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The goal of this paper is to present the problems of lack of information among farmers in food safety. Global food supply chains are becoming more and more diverse, making traceability systems much harder to implement across different food markets. In this abstract, we will present our work for analyzing the key developments in Georgian food market from regulatory controls to administrative procedures to traceability technologies. Food safety and quality assurance are most problematic issues in Georgia as food trade networks become more and more complex, food businesses are under more and more pressure to ensure that their products are safe and authentic. The theme follow-up principles from farm to table must be top-of-mind for all food manufacturers, farmers and retailers. Following the E. coli breakout last year, as well as more recent cases of food mislabeling, developments in food traceability systems is essential to food businesses if they are to present a credible brand image. Alongside this are the ever-developing technologies in food traceability networks, technologies that manufacturers and retailers need to be aware of if they are to keep up with food safety regulations and avoid recall. How to examine best practice in food management is the main question in order to protect company brand through safe and authenticated food. We are working with our farmers to work with our food safety experts and technology developers throughout the food supply chain. We provide time by time food analyses on heavy metals, pesticide residues and different pollutants. We are disseminating information among farmers how the latest food safety regulations will impact the methods to use to identify risks within their products.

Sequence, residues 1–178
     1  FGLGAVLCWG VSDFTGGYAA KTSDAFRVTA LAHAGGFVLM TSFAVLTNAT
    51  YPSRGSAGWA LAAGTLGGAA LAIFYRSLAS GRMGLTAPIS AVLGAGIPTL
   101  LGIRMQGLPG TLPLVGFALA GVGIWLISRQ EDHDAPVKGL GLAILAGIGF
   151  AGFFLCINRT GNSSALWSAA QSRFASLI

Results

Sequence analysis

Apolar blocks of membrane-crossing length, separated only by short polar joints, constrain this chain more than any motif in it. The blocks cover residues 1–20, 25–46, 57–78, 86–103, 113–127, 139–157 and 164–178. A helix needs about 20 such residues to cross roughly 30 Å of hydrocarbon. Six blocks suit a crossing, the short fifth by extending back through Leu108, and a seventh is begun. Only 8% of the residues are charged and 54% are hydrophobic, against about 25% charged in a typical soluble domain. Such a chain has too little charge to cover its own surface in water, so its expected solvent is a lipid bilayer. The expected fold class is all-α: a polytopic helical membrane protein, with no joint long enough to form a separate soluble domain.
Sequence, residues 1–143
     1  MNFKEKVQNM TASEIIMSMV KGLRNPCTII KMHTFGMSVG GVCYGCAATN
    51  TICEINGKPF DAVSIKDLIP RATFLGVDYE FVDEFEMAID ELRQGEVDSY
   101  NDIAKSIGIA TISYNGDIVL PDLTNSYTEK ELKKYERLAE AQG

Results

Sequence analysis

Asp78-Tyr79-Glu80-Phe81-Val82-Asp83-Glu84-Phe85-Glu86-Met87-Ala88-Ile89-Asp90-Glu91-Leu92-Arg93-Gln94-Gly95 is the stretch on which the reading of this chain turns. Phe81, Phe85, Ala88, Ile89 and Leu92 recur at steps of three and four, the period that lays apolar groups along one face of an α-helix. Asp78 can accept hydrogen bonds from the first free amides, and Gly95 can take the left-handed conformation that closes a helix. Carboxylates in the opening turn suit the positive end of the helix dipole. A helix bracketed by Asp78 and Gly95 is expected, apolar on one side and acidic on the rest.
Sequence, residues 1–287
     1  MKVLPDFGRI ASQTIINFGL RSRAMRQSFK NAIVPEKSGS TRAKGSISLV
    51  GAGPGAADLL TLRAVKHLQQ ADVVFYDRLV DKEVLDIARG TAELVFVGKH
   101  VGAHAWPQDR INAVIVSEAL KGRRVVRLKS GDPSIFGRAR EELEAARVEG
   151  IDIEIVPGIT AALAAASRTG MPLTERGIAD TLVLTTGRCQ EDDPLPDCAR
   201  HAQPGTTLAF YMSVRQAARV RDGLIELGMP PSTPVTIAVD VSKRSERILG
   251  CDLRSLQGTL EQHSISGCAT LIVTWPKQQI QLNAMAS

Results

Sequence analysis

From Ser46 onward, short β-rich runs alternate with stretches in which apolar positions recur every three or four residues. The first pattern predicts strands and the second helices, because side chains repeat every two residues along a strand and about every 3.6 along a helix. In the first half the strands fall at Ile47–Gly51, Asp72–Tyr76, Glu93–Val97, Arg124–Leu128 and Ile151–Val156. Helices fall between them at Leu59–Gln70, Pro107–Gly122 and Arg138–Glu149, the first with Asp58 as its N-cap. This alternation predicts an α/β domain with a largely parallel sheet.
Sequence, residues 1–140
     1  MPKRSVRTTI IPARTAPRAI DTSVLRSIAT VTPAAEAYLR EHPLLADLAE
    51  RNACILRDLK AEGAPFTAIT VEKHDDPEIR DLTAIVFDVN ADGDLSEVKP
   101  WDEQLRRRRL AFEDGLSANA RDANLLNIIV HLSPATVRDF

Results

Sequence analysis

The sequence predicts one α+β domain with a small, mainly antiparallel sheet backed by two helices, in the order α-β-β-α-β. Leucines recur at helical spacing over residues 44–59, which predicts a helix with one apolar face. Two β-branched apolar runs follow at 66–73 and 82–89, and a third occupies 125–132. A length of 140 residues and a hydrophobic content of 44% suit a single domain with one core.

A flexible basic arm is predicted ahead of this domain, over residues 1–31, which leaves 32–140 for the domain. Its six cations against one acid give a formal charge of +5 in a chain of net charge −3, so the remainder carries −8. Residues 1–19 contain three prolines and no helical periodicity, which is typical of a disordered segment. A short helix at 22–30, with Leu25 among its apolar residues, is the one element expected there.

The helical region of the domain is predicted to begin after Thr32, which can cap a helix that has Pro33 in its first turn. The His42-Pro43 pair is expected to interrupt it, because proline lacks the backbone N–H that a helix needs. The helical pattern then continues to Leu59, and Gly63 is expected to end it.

Keywords: Food Safety, Quality, E. coli, GMO, LMO

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22 Rapid Detection of MBL Genes by SYBR Green Based Real-Time PCR

Authors: Taru Singh, Shukla Das, V. G. Ramachandran

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Objectives: To develop SYBR green based real-time PCR assay to detect carbapenemases (NDM, IMP) genes in E. coli. Methods: A total of 40 E. coli from stool samples were tested. Six were previously characterized as resistant to carbapenems and documented by PCR. The remaining 34 isolates previously tested susceptible to carbapenems and were negative for these genes. Bacterial RNA was extracted using manual method. The real-time PCR was performed using the Light Cycler III 480 instrument (Roche) and specific primers for each carbapenemase target were used. Results: Each one of the two carbapenemase gene tested presented a different melting curve after PCR amplification. The melting temperature (Tm) analysis of the amplicons identified was as follows: blaIMP type (Tm 82.18°C), blaNDM-1 (Tm 78.8°C). No amplification was detected among the negative samples. The results showed 100% concordance with the genotypes previously identified. Conclusions: The new assay was able to detect the presence of two different carbapenemase gene type by real-time PCR.

Keywords: Resistance, E. coli, b-lactamases, real-time PCR

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21 Quantifying the Protein-Protein Interaction between the Ion-Channel-Forming Colicin A and the Tol Proteins by Potassium Efflux in E. coli Cells

Authors: Fadilah Aleanizy